Friday, October 12, 2012

Web Page for Pyongyang Diocese

Maryknoll priests and brothers  who worked in North Korea have all died. They would have enjoyed reading the web page recently inaugurated and seeing the pictures of the Pyongyang diocese they knew so well before the Korea War. This was the diocese that was given to Maryknoll by the Paris Foreign Mission Society in 1927 when it was separated from Seoul.

The first prefect apostolic to Korea when it was united  was Fr. Patrick Byrne, who was later made a bishop and died in the forced death march to North Korea in 1950.  He arrived in Seoul in 1949 and was arrested, July 1950, by the Communists after they invaded South Korea.  There are still many Korean priests who remember the history of the diocese and who took the place of the Maryknollers after the repatriation of the Americans at the beginning of the Second World War. 

After the Korean War, many Maryknollers from the North returned to the South to work, as  did the Korean priests who were not kidnapped and killed.
Last year at a meeting of the Seoul diocesan priests, it was decided to create a website like all the other diocesan sites, which finally went online this past month. For those interested :(

At the inauguration of the website, the archbishop of Seoul said that only a spark remained of what was remembered from the N. Korean experience. The  surviving clergy from the Pyongyang diocese are now working in other dioceses in the South. Because of their advanced age, they felt a need to start a website similar to those of the other dioceses so the memories will not fade.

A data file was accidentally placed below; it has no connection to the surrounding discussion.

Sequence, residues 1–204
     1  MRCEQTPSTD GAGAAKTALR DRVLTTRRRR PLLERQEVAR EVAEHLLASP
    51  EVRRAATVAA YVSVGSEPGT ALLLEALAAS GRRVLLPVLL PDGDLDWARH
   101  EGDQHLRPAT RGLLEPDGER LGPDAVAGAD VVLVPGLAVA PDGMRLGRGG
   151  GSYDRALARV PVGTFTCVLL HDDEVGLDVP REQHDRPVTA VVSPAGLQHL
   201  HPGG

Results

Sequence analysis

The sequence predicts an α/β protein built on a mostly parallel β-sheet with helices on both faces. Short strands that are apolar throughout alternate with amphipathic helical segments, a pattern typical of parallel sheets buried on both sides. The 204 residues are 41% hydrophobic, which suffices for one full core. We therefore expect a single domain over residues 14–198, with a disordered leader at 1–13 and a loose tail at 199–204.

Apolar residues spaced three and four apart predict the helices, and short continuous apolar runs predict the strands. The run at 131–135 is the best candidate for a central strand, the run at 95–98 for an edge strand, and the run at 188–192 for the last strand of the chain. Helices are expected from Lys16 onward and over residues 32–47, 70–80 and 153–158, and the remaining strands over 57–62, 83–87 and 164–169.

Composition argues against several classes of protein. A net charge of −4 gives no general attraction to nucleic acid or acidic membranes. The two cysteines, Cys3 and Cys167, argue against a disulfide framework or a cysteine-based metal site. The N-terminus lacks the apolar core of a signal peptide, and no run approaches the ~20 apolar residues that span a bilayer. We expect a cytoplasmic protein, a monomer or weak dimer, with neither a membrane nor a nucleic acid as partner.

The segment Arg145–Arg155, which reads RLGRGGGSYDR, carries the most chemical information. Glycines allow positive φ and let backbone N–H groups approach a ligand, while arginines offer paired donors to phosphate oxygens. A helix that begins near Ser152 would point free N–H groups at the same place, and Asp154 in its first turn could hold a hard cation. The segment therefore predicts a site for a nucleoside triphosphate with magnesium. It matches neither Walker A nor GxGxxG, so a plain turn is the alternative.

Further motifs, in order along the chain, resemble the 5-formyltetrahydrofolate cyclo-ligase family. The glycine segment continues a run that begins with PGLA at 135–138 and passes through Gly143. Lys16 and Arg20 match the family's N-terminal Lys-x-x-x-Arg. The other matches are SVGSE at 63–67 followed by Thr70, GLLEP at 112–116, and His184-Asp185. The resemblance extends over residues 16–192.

However, the reason for the website is not only to remember the  good days of the past, said the archbishop, but to keep in mind that in God's good time there will be a rebirth of the diocese, which is the hope of those entertaining this dream. There are now 16 seminarians studying in the Inchon diocesan seminary for that eventuality.

This year is the 85th year since the founding of the diocese of Pyongyang. It is also the 80th year of the formation of the Perpetual Help Sisters, the first Korean congregation.

When the diocese was turned over to the Korean clergy, there  were 19 parishes, 106 mission stations and 26,400 Catholics in the diocese; 57,000 Catholics in the North were  31.8 percent of the total number of Catholics in the whole of Korea. In 1948, with the ascendency of communism, difficulties began and many of the clergy and  religious were kidnapped and their whereabouts unknown.

The website contains a brief history, pictures of the ordinaries, the churches built, biographies of some who died at the hands of the communists, and a bulletin board. It is hoped that the website will stir interest among the Catholics who were parishioners in the different parishes of the Pyongyang diocese and had to leave when the war began. The website is an ongoing endeavor, which looks forward to the participation of many who will help to fill in the empty spaces.

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